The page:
|Best barcode to use for inventory management|
1D bar code, 2D bar codes?
| 7:28 pm on Nov 26, 2009 (gmt 0)|
I'm new to barcodes, and am trying to figure out the best type to use for printing on inventory labels.
I don't need to store much data at all. It doesn't even have to be alphanumeric. And it will probably be under 15 digits.
I'm debating between 1D and 2D. Which is easier to read? I tend to like 2D better because they look "cooler", and maybe the customer will think they look cooler as well.
It also seems that the 2D barcodes can take up less physical space on the label which is a big plus.
| 3:52 am on Nov 27, 2009 (gmt 0)|
Have only integrated barcodes for one company so no expert. However, 1D is more than adequate for most. Forget 'cool'. Go with need. 2D barcodes can handle much more data, but often used to simply serve different purpose. 1D is associated with retailer needed data, and 2D is associated with manufacturer and distributor needed data. The amount of data may not vary that much. The details do.
|I don't need to store much data at all. |
Sounds like 1D to me. You also have to consider your end user. Are they armed with scanners that will read both 1D and 2D or only 1D? Most retailers only need the 1D barcode and may not have 2D scanner. To be honest, I don't know if 1D and 2D are automatic these days. Didn't used to be. Someone else can provide the most common scanner capabilities of today.
1D labels are easier to scan if damaged or scuffed. The bars have 'height' so any 'clean' scan will read. 2D, especially the smaller ones are more vulnerable to becoming unscannable.
|It also seems that the 2D barcodes can take up less physical space on the label which is a big plus. |
Sometimes, yes, sometimes no.
Check out some products and you will see a 1D barcode for the retailer, and perhaps two 2D barcodes that are used in different areas of supply chain. For example, if you are having a product manufactured and distributed, different people need more or different information; thus, multiple barcodes in multiple formats.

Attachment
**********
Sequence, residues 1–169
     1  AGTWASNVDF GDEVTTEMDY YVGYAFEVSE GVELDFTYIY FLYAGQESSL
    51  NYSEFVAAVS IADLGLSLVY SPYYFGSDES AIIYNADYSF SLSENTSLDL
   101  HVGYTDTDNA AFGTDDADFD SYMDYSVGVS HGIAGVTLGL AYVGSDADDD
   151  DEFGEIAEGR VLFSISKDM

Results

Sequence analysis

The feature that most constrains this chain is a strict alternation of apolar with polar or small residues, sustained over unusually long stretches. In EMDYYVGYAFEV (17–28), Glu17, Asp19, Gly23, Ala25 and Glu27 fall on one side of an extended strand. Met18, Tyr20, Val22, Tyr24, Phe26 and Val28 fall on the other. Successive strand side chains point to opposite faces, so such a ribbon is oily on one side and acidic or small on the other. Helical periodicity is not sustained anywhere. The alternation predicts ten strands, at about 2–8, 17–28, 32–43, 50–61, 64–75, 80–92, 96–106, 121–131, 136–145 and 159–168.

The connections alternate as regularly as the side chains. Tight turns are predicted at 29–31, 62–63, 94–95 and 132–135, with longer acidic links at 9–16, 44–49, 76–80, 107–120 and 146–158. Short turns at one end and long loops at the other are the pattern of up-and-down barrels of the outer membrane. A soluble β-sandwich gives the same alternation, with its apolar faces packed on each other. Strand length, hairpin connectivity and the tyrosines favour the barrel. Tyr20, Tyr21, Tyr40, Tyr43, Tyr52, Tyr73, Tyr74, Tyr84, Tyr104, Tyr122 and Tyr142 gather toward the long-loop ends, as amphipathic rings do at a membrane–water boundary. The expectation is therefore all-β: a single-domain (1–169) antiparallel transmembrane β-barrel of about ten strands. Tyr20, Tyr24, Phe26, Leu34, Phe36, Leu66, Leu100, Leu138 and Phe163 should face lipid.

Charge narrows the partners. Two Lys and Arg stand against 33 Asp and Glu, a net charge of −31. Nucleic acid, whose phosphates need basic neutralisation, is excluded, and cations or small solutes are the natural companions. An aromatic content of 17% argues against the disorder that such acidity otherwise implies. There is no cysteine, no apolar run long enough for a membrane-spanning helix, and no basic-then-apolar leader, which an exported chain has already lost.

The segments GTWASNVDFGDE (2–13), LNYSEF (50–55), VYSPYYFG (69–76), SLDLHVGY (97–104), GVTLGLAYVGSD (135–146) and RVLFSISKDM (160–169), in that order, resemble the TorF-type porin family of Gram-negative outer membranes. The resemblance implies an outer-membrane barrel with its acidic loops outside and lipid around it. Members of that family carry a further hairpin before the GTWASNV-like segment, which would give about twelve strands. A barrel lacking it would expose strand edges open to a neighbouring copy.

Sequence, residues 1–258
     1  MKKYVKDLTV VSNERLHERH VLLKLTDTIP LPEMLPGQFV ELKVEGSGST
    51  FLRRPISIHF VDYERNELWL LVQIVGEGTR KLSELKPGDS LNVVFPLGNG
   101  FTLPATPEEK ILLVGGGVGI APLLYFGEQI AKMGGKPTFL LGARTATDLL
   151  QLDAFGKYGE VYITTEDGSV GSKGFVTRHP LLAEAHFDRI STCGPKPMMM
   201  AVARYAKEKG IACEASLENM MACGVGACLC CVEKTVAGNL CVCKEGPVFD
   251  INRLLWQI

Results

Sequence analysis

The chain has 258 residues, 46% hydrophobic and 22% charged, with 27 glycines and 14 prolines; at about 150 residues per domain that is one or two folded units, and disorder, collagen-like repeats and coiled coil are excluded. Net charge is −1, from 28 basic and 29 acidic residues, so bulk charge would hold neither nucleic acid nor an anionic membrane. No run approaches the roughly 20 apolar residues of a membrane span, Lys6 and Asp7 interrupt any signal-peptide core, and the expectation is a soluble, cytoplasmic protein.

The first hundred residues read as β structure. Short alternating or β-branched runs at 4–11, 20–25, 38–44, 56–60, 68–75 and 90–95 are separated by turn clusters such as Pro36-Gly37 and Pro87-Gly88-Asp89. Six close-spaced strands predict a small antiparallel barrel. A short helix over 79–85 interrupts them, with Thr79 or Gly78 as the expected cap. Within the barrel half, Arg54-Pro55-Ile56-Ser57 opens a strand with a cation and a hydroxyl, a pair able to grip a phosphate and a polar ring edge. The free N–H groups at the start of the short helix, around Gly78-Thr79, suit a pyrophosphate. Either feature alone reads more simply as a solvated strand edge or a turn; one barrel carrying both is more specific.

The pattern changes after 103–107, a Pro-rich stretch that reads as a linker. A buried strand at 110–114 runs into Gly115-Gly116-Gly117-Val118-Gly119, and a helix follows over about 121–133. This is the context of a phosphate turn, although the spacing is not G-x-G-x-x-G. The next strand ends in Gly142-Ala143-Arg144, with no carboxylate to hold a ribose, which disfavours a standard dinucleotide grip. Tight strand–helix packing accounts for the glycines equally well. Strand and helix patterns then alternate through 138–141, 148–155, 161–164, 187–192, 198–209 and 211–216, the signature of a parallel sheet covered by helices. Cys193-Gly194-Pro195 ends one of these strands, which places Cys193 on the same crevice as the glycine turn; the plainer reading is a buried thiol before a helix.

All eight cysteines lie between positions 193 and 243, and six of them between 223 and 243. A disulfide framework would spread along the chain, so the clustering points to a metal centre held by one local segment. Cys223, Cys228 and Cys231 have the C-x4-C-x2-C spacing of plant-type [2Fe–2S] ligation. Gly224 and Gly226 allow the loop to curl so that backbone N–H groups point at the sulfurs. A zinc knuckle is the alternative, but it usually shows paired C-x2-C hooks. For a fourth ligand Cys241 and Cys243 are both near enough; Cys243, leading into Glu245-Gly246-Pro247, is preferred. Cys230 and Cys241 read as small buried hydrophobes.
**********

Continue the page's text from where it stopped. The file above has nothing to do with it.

My shampoo hass a 1D barcode and two 2D barcodes (both very small - and each unique).
At any rate, it was a very successful project. Prominent 1D barcodes to bring company into new markets. They were getting locked out of a lot of business because their products were not barcoded and retailers disqualified them from consideration.
It was a pretty cool project. I learned a lot and company was able to pitch product to newly open markets. That was all they cared about, so pretty easy to make them happy.
You need to be extremely organized! No f... ups, or probably not so pleasant an experience.
| 4:16 am on Nov 27, 2009 (gmt 0)|
Thanks for the feedback.
To clarify, I will be the end user of these barcodes.
Going to be sending my factories in China a couple barcode printers, and barcode label stock, as well as a PDF generated by me which they will print when I place a large order.
The products will then only be sold through my online store, direct to the customer.
The barcodes will help in receiving inventory, doing routine inventories, and mainly help in making sure the customer gets what they order. Its annoying when someone orders a red and they get a blue by mistake.
I've got a few barcode scanners on the way and I'll begin testing how easy it is to scan various barcode types.
| 12:23 pm on Nov 27, 2009 (gmt 0)|
There's lots of different coding systems for the data: UPC, EAN and others.
There's different styles of barcode, and there's also the newer square QR codes.
Is the technology moving in any particular (more standardised) direction?